Overall, the Tiananmen incident again illustrated the difficult balance Japan maintained between its role as a Western partner and that as an Eastern state. Although economic assistance was halted in line with the policy of other Western states, Japan, from security concerns, refrained from taking an overly critical stance verbally, and also from continuing with the cancellation of its ODA to China for any length of time. Concerns about avoiding criticism and isolation from other Western states had to be balanced against the danger of isolating China. In addition, as Prime Minister Uno himself remarked on 7 June, it was widely recognized that past Japanese involvement in China made it inappropriate for Japan to take sides. He observed as well that Japan's relations with China could not be understood in the same way as US relations with China were. 81 There was thus persistent support for the principle of non-interference within the Japanese government and direct reference to human rights was often avoided, even though there was constant mention of humanitarian concerns. 82

In 1995, in protest against the nuclear tests that China had carried out, the Japanese government applied the principles of the ODA Charter, thereby withholding its grant aid — except for humanitarian and grassroots assistance. Despite this action, Japan was still the largest bilateral aid donor to China, providing more than US$1.38 billion in 1995. 83

As for Myanmar, the Japanese government has applied a policy of constructive engagement, as exemplified by its actions in the UN forums noted above. However, in terms of bilateral aid, Japan's action has been more consistent than in the case of China.

Until the end of the 1980s, the Japanese government considered Myanmar (then Burma) to be an important recipient of Japanese bilateral ODA, together with ASEAN states, for economic and strategic reasons. 84 After Myanmar was classified as a least developed country (LDC) in December 1987, Japanese grants to Myanmar increased to about {Y}10 billion in 1988. Loans to Myanmar started in 1969 with a yen loan of {Y}10.8 billion and increased in 1976 to {Y}20 billion, and in 1982 to about {Y}40 billion. 85 Dependence of Myanmar on trade with Japan was the highest in the region, with its imports from Japan amounting to over 40 per cent of its total in 1987. Japan was the largest aid donor to Myanmar, providing more than 71.5 per cent of all aid the country received in 1987 and 80 per cent in 1988.

However, in September 1988, Japanese ODA to Myanmar in effect had to be halted, 86 owing to the coup d'etat and lack of normal relations with the new military government. The Ministry of Foreign Affairs communicated to the new government that Japan would be unable to resume economic assistance until the political situation calmed down and efforts were made to reform the economy. 87 As a result, total bilateral ODA dropped from US$260 million in 1988 to US$71 million in 1989, US$61 million in 1990, and US$85 million in 1991, while grant aid also dropped from about {Y}10 billion in previous years to {Y}3.7 billion in 1988, no grant aid in 1989, {Y}3.5 billion for debt relief in 1990, and {Y}5.0 billion for debt relief in 1991. 88 The freeze on new aid continues at the time of writing. Nevertheless, Japanese aid to Myanmar remains by far the largest among the countries of the Development Assistance Committee (DAC). In 1994, Japan provided US$133.8 million of the total US$142.8 million the country received as ODA from DAC countries. 89 Moreover, the Japanese government split from the Western position in order to recognize the SLORC government in February 1989 and started partially to resume assistance to on-going projects as well as emergency humanitarian relief, including food and disaster relief. The Japanese government maintains that it has continued dialogues with the Myanmar government in order to encourage it to release political prisoners. In response to the release of the democratic leader Aung San Suu Kyi from house arrest in July 1995, the Japanese government decided to implement suspended on-going projects and those based upon the assessment of basic human needs. In October 1995, it decided to provide grant aid for the expansion of the Institute of Nursing in Myanmar. However, as the situation deteriorated again in 1996, no new commitments of foreign assistance have been made. 90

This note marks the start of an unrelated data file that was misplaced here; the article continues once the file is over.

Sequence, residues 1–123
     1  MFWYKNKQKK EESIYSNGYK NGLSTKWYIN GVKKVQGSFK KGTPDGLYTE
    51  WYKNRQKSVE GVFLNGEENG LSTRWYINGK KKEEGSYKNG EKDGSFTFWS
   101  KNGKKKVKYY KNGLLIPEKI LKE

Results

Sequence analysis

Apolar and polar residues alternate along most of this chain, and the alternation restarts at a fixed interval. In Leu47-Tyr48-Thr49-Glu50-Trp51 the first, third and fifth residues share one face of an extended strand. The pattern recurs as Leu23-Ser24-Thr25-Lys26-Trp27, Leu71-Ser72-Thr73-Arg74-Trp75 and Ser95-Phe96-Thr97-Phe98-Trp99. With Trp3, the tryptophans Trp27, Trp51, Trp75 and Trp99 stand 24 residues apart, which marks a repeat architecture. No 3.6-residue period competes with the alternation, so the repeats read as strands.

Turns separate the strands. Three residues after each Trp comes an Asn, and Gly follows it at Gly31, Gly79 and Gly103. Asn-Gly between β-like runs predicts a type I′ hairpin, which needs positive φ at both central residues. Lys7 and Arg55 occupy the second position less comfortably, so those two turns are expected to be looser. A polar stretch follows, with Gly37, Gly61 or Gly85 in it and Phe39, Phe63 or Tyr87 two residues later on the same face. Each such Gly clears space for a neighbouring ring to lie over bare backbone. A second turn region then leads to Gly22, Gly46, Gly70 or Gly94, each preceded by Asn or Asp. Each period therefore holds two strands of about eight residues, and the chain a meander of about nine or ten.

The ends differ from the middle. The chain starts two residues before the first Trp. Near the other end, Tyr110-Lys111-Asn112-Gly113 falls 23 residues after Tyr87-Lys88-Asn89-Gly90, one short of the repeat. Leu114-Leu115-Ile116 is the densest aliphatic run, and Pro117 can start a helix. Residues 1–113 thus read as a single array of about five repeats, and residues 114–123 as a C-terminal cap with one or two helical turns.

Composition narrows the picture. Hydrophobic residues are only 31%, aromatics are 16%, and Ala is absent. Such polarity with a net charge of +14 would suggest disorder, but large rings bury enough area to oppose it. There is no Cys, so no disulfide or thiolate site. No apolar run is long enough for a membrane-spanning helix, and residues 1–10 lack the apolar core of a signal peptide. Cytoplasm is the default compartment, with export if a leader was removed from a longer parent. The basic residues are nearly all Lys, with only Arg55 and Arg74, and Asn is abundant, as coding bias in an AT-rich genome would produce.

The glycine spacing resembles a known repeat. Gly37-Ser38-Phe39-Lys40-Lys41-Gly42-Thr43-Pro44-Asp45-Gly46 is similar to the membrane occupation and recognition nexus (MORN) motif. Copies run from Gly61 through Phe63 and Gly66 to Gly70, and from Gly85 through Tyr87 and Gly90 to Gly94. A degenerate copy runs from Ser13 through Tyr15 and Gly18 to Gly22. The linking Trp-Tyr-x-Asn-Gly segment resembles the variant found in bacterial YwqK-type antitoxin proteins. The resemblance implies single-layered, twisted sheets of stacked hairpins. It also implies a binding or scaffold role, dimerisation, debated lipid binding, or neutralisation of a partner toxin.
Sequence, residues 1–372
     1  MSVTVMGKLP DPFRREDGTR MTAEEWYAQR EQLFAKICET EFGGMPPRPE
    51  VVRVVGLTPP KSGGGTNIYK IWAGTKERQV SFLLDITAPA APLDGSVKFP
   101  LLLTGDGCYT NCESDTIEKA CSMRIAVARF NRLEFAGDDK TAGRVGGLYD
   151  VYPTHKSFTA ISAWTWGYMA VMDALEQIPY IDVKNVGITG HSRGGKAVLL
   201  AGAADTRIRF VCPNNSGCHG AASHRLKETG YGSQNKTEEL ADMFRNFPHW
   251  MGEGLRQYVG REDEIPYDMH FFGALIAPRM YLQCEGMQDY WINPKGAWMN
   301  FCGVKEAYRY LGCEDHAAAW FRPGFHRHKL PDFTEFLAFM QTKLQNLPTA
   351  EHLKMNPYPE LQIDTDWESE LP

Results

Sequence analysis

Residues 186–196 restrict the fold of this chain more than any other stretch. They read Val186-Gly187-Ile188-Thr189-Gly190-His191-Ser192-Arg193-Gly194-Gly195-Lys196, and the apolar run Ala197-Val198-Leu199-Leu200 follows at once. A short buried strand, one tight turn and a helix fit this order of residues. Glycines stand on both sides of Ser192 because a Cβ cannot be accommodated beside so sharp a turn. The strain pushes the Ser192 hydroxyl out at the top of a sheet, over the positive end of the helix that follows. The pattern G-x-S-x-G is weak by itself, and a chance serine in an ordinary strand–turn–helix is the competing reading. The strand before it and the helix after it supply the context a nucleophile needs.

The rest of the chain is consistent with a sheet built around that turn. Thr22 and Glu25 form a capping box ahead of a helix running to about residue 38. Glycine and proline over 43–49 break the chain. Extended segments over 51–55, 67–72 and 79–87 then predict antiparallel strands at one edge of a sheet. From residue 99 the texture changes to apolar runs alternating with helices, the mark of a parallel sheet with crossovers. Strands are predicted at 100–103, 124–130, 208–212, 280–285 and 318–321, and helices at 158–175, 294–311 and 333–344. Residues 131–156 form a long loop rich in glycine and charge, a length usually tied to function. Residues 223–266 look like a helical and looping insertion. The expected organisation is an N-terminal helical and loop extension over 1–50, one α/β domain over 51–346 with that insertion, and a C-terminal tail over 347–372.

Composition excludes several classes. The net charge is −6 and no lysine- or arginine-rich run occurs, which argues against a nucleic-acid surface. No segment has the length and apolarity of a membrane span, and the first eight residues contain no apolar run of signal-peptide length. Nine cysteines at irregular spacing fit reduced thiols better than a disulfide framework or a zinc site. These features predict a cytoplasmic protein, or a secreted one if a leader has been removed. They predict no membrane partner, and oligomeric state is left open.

Indonesia, Peru, and Thailand were cases that exhibited less flexibility in Japanese aid policy. Indonesia has been one of the largest recipients of Japanese bilateral aid, second only to China. In 1987-1990, it was the largest recipient. In 1995, it was the second largest, receiving about US$892 million. 91 In November 1991, the Indonesian military harshly suppressed a generally peaceful demonstration in East Timor, which resulted in more than 100 deaths. This incident did not lead to a halt in Japanese aid to Indonesia, however, despite pledges by the opposition party, based upon the judgement that diplomatic pressures from Japan and the international community had led to a calming of the situation and that the Indonesian government had taken measures to investigate, punish those responsible, and prevent the occurrence of similar events. 92 In this case, Japan officially took no stance with regard to the conditionality of aid linked to the human rights performance of a recipient country. Similarly, events in Peru in April 1992, when President Fujimori resorted to emergency measures to dissolve parliament, or in Thailand in May 1992 did not lead Japan to reconsider its aid policy to these countries, on the basis that they were heading back to normalcy under effective international pressures. 93